Pathological Findings in Accidental Electrocution in a Horse (Case Report)

Adrian Florin Gal, Viorel Miclaus, Flaviu Tabaran, Marian Taulescu, Andras Nagy, Roxana Cora, Vasile Rus, Cornel Catoi


Recently, the veterinarians are dealing with a number of cases that require forensic expertise. Such a circumstance could be the accidental electrocution in animals, one of the causes of unnatural death. There is a scarcity with reference to the pathological findings in veterinary forensic medicine. In this paper, we present the main lesions that occurred in a horse with accidental electrocution that was presented for complete necropsy survey. A horse corpse was sent to the Pathology Department (Faculty of Veterinary Medicine, Cluj-Napoca, Romania) for a full medical survey. Preliminary results and external examination: the body was in rigor mortis; from the nasal cavities drained out reddish foam and in the mouth was observed the presence of ingested feed (straw) that was not chewed, suggesting a quick death. The findings detected after internal examination of the carcass were poor blood coagulability, haemorrhagic diathesis throughout the body, with haemorrhages of various sizes in different body regions (e.g., muscles of the withers, in the gluteal muscle, the mucosa of epiglottis, larynx, trachea, in the interstitium of the lung, and ecchymosis in the left kidney). Some other lesions detected were infarcts and haemorrhages in the fundic region of the stomach’s mucosa. In electrocution, haemorrhages are most often located in the respiratory tract, aspect observed in our case too. However, the diagnosis of electrocution has to corroborate the necropsy findings (which are not specific), with some other data such as the fulminant death and inspection of power source.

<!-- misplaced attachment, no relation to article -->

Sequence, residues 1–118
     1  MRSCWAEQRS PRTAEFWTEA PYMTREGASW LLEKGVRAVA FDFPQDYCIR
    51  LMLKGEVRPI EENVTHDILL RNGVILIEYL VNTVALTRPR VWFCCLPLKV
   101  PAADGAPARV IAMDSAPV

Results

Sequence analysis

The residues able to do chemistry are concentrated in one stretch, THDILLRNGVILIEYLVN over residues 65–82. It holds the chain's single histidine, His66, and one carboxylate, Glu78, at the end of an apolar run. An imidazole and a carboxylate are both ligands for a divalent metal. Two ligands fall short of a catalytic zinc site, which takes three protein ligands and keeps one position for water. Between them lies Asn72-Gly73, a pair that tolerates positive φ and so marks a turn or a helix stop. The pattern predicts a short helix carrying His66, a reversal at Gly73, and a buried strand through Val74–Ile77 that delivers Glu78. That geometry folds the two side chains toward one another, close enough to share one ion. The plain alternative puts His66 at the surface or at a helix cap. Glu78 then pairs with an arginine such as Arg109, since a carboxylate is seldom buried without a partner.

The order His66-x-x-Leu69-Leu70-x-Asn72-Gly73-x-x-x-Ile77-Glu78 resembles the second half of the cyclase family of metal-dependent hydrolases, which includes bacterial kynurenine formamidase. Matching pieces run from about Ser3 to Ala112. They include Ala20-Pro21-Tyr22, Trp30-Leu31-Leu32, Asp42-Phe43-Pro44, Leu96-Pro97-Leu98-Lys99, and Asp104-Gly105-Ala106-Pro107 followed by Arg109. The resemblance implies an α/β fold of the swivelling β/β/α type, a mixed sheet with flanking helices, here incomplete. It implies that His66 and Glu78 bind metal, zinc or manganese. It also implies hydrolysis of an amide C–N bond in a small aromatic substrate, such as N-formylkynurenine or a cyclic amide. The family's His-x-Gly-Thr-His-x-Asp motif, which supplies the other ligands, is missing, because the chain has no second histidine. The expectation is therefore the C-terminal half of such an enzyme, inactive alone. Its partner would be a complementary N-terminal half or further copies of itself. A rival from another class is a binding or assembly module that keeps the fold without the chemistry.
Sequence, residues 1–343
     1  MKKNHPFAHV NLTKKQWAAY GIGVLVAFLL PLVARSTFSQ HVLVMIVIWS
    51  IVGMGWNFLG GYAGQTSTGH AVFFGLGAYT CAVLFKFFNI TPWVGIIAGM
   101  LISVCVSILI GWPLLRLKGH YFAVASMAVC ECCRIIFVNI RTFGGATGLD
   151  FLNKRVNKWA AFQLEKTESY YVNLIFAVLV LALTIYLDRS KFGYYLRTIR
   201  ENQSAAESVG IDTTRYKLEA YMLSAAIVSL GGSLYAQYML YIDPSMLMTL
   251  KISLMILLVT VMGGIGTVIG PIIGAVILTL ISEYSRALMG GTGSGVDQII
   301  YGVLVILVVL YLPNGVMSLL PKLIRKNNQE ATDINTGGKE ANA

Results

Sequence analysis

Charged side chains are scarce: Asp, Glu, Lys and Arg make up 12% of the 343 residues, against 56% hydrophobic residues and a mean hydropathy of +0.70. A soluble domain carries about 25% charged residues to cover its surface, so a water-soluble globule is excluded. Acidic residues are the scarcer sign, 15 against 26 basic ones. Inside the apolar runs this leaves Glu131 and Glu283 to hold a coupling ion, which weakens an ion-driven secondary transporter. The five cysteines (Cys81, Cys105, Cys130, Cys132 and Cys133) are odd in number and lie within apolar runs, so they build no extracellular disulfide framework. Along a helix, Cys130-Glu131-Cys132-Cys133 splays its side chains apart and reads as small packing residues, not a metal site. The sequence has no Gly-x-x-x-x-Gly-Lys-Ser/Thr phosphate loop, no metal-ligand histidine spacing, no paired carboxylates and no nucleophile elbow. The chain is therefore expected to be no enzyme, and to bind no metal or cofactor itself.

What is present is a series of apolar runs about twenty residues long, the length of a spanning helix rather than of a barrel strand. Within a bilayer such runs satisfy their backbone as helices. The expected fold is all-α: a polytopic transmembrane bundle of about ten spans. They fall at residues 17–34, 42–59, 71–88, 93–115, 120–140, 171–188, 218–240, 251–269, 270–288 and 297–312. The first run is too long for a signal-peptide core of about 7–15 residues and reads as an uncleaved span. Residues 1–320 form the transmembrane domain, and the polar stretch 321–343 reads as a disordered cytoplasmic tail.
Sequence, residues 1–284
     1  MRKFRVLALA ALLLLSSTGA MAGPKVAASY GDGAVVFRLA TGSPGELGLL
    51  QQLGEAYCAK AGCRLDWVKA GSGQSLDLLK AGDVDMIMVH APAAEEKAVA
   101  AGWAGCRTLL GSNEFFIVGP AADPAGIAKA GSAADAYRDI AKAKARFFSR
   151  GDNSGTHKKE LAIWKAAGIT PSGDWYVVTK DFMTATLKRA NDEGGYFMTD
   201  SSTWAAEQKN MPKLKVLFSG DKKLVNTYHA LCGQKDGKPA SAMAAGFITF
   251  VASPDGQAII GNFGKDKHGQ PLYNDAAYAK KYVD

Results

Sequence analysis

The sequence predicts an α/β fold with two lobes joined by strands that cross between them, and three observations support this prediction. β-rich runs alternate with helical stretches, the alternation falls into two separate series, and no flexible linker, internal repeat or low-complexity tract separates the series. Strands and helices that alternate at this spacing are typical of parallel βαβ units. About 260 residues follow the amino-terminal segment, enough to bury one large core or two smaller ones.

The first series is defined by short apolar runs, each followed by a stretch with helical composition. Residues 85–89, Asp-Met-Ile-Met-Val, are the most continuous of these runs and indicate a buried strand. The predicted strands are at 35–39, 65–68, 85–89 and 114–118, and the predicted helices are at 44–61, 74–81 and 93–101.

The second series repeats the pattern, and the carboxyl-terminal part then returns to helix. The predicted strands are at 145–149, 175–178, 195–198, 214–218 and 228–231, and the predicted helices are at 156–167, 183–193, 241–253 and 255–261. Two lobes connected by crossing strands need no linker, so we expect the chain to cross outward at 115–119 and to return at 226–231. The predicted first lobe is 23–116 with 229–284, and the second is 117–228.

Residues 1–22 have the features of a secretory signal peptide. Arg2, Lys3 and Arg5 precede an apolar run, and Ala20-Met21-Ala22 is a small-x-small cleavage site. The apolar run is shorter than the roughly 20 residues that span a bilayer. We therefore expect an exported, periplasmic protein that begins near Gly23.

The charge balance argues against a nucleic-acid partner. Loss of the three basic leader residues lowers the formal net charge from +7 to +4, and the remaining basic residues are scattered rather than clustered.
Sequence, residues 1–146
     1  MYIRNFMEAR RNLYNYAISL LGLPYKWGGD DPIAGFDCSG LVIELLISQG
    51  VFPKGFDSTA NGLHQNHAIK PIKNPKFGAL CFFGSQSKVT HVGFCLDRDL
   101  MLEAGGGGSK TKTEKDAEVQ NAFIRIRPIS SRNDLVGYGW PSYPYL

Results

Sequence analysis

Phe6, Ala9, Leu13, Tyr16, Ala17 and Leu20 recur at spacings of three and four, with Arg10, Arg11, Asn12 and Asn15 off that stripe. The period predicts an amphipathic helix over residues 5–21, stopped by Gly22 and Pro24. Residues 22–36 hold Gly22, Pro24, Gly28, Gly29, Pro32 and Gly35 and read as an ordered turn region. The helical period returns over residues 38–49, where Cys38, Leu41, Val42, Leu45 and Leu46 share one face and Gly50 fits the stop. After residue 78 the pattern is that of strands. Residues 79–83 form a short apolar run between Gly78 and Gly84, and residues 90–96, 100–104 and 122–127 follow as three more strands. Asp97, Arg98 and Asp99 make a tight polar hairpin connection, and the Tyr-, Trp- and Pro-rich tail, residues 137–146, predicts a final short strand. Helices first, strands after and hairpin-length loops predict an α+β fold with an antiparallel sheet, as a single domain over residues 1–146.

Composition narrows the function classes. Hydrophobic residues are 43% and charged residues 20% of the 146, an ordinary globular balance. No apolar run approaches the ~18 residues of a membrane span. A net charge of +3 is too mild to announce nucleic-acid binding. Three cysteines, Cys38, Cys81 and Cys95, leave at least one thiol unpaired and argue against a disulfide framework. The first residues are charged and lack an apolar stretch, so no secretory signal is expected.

electrocution, forensic medicine, horse, accident

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